Besides the Eiffel Tower, the one thing that everyone thinks of when they think of Paris are the museums and the artwork. The Louvre houses Leonardo da Vinci’s greatest work La Jaconde, or simply, the Mona Lisa. Musée d’Orsay houses many of the French art pieces from 1848 to 1915. For those who love impressionism, you’ll find many impressionist artists’ works at this museum. Monet, Van Gogh, Gauguin, Manet and Degas all find a home for their masterpieces within the walls of this old train station.
The first time I ever laid eyes upon a Degas original was in the d’Orsay when I was 16 years old. At the time, the Degas exhibit was under renovation so there were only a few paintings on the walls. Sheets of plastic from the floor to the ceiling covered the entire area to be renovated.
As I was walking by, totally bummed that I only got to see a few Degas paintings and not the ones I was hoping to see…it was then that I saw her.
She was inside the walls of plastic standing so majestically and untouched by the drama of construction around her. Her stance was so tall. So confident. She was literally the most beautiful girl I had ever seen. She took my breath away. This was Degas’ statue of the Little Dancer at 14 years old.
I walked around the plastic walls, hoping to find an opening so I could see her more clearly. I had walked to the far end of the room and couldn’t find an opening. Just as I gave up and was starting to walk out a different exit, I found an opening and stopped.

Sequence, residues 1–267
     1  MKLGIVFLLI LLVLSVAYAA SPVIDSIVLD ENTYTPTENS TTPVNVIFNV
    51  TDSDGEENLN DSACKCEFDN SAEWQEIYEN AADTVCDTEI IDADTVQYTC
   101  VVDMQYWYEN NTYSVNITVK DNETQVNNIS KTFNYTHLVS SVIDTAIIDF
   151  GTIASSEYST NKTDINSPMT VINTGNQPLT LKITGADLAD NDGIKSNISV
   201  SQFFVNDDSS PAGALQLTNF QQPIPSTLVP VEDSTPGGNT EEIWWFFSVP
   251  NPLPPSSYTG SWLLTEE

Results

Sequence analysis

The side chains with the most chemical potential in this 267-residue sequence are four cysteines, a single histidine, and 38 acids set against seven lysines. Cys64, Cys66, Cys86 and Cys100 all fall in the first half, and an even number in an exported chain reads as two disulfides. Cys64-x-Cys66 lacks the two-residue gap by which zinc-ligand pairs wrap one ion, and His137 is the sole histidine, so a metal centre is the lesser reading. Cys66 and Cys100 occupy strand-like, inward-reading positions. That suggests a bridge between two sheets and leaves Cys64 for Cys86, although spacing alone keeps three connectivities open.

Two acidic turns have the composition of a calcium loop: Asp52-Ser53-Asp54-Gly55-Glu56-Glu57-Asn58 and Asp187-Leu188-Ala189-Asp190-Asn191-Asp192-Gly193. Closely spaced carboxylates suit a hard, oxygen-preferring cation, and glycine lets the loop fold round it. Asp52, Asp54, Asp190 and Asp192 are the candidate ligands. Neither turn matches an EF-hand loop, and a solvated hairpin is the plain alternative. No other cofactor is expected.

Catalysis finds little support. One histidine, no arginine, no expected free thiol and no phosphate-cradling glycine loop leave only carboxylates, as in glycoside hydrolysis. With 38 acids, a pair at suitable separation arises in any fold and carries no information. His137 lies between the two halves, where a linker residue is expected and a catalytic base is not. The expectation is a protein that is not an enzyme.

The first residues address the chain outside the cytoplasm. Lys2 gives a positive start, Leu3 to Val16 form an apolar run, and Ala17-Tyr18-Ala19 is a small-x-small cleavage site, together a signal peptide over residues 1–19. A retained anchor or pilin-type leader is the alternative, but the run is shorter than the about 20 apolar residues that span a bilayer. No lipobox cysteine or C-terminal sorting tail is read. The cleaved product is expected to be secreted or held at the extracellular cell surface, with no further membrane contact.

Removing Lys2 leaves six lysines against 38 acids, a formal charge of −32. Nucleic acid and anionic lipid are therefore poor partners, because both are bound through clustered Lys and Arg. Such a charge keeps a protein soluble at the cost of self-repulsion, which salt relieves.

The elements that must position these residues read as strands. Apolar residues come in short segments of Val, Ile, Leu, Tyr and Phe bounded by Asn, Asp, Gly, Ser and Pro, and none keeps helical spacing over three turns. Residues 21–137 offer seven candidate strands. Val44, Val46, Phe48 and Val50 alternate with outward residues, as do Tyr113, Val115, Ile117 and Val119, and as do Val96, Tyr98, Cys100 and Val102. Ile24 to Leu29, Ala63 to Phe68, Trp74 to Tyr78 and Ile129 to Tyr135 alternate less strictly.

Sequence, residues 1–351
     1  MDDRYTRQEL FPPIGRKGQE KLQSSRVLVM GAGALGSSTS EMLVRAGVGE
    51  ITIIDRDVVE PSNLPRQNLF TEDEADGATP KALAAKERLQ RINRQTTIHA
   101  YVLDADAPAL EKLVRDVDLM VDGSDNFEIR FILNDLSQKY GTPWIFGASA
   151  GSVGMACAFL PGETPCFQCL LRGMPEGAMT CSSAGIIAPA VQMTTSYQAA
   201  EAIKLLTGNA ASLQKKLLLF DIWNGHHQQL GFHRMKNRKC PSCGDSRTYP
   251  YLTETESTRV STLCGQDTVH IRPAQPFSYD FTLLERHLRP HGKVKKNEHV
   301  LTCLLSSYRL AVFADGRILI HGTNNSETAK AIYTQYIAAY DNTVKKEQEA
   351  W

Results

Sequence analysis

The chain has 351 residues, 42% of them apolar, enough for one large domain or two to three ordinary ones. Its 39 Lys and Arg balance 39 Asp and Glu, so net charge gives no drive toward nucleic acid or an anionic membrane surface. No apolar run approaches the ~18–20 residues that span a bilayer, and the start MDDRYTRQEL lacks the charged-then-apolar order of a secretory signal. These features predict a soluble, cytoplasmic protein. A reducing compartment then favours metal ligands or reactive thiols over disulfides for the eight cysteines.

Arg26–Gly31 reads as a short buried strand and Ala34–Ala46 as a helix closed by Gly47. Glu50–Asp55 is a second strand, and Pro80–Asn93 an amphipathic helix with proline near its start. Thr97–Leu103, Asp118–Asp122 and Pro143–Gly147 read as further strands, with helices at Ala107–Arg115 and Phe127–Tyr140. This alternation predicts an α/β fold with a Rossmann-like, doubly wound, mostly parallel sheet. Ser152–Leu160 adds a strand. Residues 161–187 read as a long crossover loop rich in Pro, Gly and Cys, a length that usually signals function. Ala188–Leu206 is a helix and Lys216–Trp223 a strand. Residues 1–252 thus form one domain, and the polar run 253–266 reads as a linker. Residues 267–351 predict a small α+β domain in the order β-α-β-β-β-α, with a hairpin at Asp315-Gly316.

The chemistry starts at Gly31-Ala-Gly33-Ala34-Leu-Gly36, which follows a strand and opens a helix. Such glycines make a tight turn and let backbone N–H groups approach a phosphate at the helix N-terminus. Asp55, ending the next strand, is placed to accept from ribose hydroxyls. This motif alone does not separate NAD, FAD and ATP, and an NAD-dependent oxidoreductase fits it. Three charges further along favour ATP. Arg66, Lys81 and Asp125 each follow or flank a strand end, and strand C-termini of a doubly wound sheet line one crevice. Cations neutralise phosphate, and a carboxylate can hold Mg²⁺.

There she was. No plastic to skew my view. Her skirt, made of fabric. Degas made her skirt out of fabric! I was so amazed that he had put a real skirt and a bow on a statue. It left this young teenager in awe. Degas was something else.
The artists that left a great impression on me were the impressionists. They saw beauty the way people sometimes stop and look at the world in wonder and amazement. They were able to capture those moments of wonder and incorporate it into art.
In a way, impressionism is like seeing beauty skewed…like there’s something separating you from the true beauty. It’s like seeing Degas’ Little Dancer through a sheet of plastic. You know that moment of wonder is there, but our vision is skewed from seeing the true beauty behind that wall. We can’t see it clearly. Instead, the entire moment of beauty is in seeing it skewed by seeing the message in a much bigger picture.
There is always something that separates us from seeing the raw, nakedness of beauty. Even in this day and age, we can’t get to the true beauty. On women, there’s layers of makeup, clothes and products galore. For painters, they have to use layers upon layers of paint to create their design. Most of us spend so much time looking at our devices for beauty in a picture that is manipulated through Photoshop or the color doesn’t come out clearly through the screen. Sometimes the lens doesn’t pick up the true colors when the photograph is taken.
We’re not seeing that true moment of raw beauty in front of us; not in the way the naked eye sees it in the moment’s rawest form. We are seeing the beauty skewed.
This is the way mankind has been looking at beauty for a long time. If anything, impressionism is proof of that.
Maybe next time when you see a flower blooming, you’ll stop to admire it in ways that will make you appreciate beauty in its rawest forms. In this day and age, looking up from our devices and appreciating the beauty around us is a rarity. The world chooses to not stop and smell the roses. But trust me, you do want to stop in your tracks every once in a while and take in that raw beauty.